ERIC Number: ED312313
Record Type: RIE
Publication Date: 1985
Reference Count: N/A
Competency Testing and At-Risk Youth.
Corcoran, Thomas B.
Issues surrounding the statewide competency testing of at-risk students are discussed. Sanctions, such as negative evaluations of educational programs associated with such tests, used to fall most heavily on schools and staff, but tests are increasingly becoming prerequisites for promotion and graduation, with increasing impact on students. Proponents of competency tests believe that they will motivate students, bring much-needed educational reform, and stimulate general improvements and public support for the public schools. The most serious issues include: the effects of testing on the achievement of students who are at risk and on the dropout rate; the effects of such tests on curricula; the effects of such testing on the teaching profession; and the impact of the tests on public support for education. Empirical evidence about these concerns is not widely available but several conclusions can be drawn: (1) such tests are here to stay; (2) tests will not resolve the issues of equity that still plague public education because these are political issues; (3) there may, in fact, be associated with the use of tests serious effects that must be monitored. The solutions to these problems appear to lie, not in less testing, but in more and better testing to yield accountability and motivation effects without curricular distortion. (SLD)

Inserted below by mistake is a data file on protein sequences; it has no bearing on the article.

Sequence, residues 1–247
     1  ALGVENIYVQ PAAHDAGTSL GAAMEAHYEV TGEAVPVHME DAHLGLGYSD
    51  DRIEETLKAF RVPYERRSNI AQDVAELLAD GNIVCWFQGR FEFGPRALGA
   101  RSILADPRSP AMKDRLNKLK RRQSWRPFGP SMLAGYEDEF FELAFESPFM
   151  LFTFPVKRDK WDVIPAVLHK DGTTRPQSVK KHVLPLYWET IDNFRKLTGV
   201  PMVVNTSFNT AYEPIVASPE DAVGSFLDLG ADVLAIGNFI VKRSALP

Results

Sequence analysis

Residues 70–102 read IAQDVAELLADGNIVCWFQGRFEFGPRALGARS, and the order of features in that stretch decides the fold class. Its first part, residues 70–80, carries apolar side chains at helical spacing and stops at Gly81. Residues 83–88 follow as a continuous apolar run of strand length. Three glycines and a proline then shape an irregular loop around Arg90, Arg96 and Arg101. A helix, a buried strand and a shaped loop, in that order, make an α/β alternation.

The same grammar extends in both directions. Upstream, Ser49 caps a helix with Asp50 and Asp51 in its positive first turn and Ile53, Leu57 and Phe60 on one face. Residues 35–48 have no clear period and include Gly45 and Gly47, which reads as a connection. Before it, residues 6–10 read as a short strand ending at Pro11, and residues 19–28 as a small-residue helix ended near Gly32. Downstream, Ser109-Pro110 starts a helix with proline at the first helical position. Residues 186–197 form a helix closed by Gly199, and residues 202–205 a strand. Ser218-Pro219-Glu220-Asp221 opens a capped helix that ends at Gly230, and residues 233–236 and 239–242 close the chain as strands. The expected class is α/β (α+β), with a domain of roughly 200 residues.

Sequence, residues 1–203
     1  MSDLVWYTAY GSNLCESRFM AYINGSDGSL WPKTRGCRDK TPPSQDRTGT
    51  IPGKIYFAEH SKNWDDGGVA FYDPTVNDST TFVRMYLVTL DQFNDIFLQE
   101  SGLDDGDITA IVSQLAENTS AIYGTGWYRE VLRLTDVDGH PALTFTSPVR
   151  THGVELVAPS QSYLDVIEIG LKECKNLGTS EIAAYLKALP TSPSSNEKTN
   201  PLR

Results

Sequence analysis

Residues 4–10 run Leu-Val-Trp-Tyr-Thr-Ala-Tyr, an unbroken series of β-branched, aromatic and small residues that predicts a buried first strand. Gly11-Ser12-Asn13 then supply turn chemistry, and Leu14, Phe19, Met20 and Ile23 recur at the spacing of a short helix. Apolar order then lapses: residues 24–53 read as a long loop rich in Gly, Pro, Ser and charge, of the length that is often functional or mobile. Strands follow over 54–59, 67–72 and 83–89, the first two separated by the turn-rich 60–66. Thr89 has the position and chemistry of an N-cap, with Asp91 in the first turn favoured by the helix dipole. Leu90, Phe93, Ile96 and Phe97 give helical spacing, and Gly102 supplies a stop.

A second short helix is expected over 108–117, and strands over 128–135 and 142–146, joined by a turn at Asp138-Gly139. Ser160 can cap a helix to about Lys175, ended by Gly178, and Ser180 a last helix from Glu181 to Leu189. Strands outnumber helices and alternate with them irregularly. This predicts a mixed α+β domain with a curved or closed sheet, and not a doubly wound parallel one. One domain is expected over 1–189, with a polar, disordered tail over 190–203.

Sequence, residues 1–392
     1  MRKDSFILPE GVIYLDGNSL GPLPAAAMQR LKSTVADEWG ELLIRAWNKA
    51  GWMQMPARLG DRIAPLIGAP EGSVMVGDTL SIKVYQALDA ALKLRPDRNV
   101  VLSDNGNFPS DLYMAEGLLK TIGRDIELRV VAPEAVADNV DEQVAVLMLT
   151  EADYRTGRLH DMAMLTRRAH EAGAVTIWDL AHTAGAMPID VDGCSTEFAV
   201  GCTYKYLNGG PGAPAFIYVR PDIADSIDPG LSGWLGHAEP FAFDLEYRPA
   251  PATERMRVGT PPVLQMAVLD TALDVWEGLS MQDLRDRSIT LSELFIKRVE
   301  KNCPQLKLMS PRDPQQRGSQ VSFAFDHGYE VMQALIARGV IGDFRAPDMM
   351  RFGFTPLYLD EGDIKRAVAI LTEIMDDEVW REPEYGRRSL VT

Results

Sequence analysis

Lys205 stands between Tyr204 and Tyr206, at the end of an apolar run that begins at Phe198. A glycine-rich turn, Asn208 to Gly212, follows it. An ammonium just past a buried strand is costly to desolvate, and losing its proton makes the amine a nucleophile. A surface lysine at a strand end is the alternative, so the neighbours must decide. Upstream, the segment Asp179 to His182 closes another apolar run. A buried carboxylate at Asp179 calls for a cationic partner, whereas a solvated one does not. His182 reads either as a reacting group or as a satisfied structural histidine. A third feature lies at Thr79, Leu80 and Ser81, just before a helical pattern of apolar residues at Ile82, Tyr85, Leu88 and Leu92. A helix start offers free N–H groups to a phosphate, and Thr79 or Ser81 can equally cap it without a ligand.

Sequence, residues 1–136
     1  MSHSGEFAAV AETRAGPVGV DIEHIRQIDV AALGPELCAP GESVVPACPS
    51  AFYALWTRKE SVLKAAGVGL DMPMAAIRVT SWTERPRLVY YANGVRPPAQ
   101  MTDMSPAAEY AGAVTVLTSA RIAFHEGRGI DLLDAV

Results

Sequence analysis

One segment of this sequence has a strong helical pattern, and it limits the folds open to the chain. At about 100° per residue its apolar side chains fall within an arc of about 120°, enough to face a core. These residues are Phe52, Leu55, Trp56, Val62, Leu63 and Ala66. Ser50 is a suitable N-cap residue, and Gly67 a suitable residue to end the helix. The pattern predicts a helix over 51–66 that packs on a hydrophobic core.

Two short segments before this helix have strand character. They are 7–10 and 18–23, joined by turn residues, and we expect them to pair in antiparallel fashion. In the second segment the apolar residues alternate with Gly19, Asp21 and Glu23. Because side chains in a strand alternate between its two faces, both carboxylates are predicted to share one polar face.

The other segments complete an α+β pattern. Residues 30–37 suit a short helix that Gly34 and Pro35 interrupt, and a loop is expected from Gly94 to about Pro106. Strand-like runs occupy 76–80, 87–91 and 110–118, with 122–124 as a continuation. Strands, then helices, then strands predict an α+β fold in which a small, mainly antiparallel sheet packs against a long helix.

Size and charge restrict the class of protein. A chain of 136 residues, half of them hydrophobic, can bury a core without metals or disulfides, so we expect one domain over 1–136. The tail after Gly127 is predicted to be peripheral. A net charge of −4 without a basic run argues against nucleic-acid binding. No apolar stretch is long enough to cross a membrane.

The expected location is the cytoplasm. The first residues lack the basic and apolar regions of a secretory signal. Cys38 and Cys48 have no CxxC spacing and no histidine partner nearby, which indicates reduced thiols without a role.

Descriptors: Academic Achievement, Dropout Rate, Educational Change, Educationally Disadvantaged, Elementary Secondary Education, Equal Education, Graduation Requirements, High Risk Students, Minimum Competency Testing, Public Schools, State Programs, Student Promotion, Testing Problems, Testing Programs
Publication Type: Opinion Papers; Reports - Evaluative
Education Level: N/A
Sponsor: Department of Education, Washington, DC.
Authoring Institution: Research for Better Schools, Inc., Philadelphia, PA.